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'WATERCOLORS' BY WAY OF PIXELS AND PRINTERS

In the late 18th century, English painters originated the concept of the picturesque by emulating the idealized Baroque landscapes of Claude Lorraine and Nicholas Poussin. Through their art, painters were able to "tame" nature, making it comprehensible and aesthetically pleasing. This led to the popular custom of touring scenic places, initially in the British Isles and later in Italy as well. In some places, viewing stations with windows were erected at ideal spots, so that the scenery could be seen through a frame, not unlike a picture frame.

Photographer John Pfahl uses this tradition as a starting point for his exhibition "Permutations on the Picturesque." Pfahl made color photographs in England's lake district and in Wales, often basing the locations on late 18th century guidebooks that were created to assist those caught up in the Romantic "worship" of nature. He also photographed Lake Como in northern Italy, a favorite stop on the English aristocrat's grand tour.

To make these photographs more than exercises in art history, Pfahl took the idea of the picturesque one step further. Not only did he re-create an image from the past, he scanned these images into a computer and used Photoshop, a versatile graphics program, to make them painterly. To remind viewers that these are digital prints, he included narrow bands of enlarged pixels.

Sometimes he enhanced the images slightly by giving them a more dramatic sky, for example, or by placing sheep in the meadow to make the scene more pastoral. He had them printed using an Iris printer (an inkjet printing system) on watercolor paper, ostensibly to emulate English watercolors.

This is a bit of an absurd conceit; the pictures don't really look like watercolors. The digital manipulations create outlines around many shapes. These lines and the way in which color fills shapes are too uniform to be mistaken for pencil lines and watercolor brush strokes. Yet the pictures are engrossing as photographs because Pfahl combines two opposing historical tendencies in art photography: the imitation of painting to validate photography as art, and the imitation of non-art photography -- in this case the tourist snapshot -- to determine the subjects.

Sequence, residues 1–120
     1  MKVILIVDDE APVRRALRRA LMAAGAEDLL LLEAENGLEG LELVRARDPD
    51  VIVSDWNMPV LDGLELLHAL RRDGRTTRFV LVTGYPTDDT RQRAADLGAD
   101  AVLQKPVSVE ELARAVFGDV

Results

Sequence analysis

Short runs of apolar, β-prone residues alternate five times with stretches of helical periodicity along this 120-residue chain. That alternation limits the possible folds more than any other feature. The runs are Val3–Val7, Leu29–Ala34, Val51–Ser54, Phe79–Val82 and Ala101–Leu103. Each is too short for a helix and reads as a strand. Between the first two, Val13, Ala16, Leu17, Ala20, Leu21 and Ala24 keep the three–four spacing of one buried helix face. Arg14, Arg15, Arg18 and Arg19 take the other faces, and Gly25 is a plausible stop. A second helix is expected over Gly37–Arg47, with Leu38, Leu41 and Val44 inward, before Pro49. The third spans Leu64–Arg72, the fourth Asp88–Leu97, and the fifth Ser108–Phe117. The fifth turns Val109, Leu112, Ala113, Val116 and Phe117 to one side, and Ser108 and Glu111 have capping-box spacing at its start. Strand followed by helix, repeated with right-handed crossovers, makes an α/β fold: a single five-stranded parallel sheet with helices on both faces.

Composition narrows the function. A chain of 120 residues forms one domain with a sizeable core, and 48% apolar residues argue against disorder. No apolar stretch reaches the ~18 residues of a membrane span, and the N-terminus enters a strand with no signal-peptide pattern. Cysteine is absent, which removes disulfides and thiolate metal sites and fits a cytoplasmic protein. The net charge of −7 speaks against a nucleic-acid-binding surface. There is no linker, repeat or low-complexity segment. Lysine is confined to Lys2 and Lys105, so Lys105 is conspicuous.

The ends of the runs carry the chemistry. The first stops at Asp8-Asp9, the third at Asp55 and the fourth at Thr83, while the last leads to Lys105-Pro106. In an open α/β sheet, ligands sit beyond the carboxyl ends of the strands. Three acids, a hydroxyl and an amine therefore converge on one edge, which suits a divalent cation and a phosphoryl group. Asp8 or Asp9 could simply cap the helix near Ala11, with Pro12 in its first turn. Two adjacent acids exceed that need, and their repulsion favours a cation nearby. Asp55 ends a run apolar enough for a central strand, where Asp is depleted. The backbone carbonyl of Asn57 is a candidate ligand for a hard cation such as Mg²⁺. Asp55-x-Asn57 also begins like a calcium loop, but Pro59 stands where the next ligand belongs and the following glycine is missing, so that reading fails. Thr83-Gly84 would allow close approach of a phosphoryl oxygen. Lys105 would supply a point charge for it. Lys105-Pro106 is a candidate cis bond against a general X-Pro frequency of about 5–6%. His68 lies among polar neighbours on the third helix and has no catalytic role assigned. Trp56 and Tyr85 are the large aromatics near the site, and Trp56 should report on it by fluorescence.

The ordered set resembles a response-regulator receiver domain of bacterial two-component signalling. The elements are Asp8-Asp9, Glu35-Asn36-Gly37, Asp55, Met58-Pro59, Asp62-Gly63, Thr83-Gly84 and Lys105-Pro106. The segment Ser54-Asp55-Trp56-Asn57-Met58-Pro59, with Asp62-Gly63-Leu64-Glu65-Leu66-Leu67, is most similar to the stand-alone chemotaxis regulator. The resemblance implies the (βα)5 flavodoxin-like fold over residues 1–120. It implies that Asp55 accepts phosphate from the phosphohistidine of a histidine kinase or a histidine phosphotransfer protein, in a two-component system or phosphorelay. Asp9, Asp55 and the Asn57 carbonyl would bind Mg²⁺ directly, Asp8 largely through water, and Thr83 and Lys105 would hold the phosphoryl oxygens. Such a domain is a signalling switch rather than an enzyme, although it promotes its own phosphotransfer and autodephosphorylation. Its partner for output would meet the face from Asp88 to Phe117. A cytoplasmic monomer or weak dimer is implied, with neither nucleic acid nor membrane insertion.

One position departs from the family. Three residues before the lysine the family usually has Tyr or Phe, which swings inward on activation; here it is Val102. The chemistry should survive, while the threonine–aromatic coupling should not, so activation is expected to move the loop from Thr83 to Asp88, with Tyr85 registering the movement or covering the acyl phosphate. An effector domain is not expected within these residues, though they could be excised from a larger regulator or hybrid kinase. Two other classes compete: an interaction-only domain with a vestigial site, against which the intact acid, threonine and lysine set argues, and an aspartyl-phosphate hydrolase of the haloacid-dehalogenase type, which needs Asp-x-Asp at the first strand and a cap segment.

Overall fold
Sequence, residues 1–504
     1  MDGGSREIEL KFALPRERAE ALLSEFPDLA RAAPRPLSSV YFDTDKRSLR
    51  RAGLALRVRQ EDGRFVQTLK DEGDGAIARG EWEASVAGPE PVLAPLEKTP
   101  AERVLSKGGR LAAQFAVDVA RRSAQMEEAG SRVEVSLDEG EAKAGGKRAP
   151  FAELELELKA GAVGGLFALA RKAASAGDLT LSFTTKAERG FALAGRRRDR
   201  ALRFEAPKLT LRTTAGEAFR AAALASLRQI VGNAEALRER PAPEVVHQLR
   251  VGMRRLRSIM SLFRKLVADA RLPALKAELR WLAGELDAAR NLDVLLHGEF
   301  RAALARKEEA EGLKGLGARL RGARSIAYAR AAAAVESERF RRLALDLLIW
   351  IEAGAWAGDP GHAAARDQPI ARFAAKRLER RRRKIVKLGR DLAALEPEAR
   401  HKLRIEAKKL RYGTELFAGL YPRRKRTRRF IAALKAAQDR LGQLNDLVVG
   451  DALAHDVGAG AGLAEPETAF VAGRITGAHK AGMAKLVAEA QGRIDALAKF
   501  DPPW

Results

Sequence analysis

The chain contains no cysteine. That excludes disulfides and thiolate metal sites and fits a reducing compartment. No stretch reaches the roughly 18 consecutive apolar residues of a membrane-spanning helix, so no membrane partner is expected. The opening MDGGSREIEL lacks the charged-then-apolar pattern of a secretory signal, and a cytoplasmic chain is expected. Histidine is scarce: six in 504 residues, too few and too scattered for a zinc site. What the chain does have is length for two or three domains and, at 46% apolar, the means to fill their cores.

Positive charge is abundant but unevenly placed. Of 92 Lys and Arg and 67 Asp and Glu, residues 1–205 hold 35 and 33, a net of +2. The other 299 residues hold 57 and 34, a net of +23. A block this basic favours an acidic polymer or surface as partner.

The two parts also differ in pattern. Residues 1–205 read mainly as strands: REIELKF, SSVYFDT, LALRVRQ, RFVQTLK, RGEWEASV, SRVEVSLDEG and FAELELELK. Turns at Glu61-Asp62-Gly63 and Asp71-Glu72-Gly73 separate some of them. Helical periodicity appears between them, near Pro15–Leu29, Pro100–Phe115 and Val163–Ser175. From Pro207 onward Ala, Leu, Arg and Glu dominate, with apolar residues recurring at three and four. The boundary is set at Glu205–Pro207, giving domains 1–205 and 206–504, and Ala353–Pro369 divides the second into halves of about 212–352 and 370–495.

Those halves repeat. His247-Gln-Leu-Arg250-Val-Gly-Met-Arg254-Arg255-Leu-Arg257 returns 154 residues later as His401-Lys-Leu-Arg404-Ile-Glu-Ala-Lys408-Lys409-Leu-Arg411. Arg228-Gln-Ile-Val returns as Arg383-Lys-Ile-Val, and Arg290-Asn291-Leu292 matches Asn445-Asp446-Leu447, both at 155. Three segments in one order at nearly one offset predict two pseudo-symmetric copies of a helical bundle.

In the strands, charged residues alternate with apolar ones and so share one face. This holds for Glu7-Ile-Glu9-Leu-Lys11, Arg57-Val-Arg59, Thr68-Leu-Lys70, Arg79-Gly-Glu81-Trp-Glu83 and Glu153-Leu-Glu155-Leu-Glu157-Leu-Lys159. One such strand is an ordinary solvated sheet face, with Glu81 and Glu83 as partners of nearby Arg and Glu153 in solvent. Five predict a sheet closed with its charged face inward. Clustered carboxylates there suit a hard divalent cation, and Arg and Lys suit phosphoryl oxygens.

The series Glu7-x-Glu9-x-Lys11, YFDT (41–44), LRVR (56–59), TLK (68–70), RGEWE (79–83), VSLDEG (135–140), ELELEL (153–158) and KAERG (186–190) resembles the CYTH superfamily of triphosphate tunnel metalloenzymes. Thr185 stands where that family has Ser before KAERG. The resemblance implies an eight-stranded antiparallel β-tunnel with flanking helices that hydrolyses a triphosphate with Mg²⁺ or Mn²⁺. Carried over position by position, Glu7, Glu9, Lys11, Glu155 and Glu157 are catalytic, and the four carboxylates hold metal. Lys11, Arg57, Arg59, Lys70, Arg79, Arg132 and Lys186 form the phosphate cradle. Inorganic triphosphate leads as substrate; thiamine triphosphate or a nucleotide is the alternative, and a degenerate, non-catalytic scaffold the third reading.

Pfahl's technique, when applied to gorgeous scenery or famous historical buildings, does create mild feelings of awe. "Castlerigg Stone Circle, Lake District, England," with its rich atmospheric sky and dark ancient stones in muted light, emerges as a Romantic masterpiece. "Tintern Abbey" looms up out of the fog and reminds us of Wordsworth's famous poem.

In formal terms, the "Permutations" series is stylistically consistent with earlier work. The low horizontal placement of the band of enlarged pixels in many works echoes the compositions of some of the "Altered Landscapes" photographs from the late '70s. The striking lights and darks in the sky above "Dolwyddelen Castle" call to mind prints from Pfahl's series dealing with industrial smoke.

The presence of the pixels also reminds us of the importance of focus to the photographic act. In "Sunset at Criccieth Castle, North Wales," the reflected sun is a pattern of squares until we blur our eyes and it blends with the rest of the scene. In general, though, these disruptions are so subtle, they don't interfere with the serene mood.

Even though the prints are beautifully done, one can't help but wonder what the unmodified color photographs would look like in comparison to the digital prints.

REVIEW Permutations on the Picturesque Digital Landscape photographs by John Pfahl. Through Oct. 8 at the Nina Freudenheim Gallery, Lenox Hotel, 140 North St.

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